What is Occupational Therapy?
- Occupational therapy is a client centred health profession concerned with promoting health and well being through occupation. The primary goal of occupational therapy is to enable people to participate in the activities of everyday life (World Federation of Occupational Therapists, 2010)
- Occupational Therapy helps people to do the everyday things that they want to do and need to do when faced with illness, injury, and disability or challenging life events.
- For children, we assess areas of potential difficulty, and assist children in reaching their maximum potential by facilitating development and achievement of developmental milestones
What is Occupation?
- Occupations are the ordinary and familiar things that people do every day, anything that occupies a person’s time.
- The main categories of occupation include productivity, self-care, play and leisure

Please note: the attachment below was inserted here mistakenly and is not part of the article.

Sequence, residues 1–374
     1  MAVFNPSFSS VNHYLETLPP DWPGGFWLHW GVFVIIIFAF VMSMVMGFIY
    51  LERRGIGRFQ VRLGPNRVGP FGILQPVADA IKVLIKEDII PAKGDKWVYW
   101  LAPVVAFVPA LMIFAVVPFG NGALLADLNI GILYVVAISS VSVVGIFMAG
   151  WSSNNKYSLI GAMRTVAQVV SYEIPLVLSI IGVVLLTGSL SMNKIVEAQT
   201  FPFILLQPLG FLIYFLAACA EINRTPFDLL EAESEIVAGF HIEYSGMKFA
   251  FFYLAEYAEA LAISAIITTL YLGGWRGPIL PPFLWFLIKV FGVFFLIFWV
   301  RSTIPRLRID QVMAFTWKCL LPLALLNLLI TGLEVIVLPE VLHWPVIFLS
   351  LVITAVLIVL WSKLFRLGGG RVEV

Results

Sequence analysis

Main Occupations of Childhood
- Productivity – School/academics, writing, reading, learning etc
- Self-care – grooming e.g. brushing teeth, washing yourself, grooming, feeding yourself, dressing etc
- Leisure – playing with others, social interaction, hobbies, sports etc
What can impact occupational performance in children?
- Sensory processing
- Motor control and coordination
- Praxis (ideation)
- Play skills (repetitive)
- Coping skills (dealing with change)
What to look out for?
- Poor attention or concentration
- Child has trouble being still and fidgets a lot/ child seems to disengage or “switch off” after a while
- Decreased fine motor skills and poor handwriting
- Clumsy, disorganised or forgetful
- Trouble interacting with peers or authority figures appropriately
- Difficulty controlling behaviour and emotional responses
- Difficulty carrying out activities of daily living.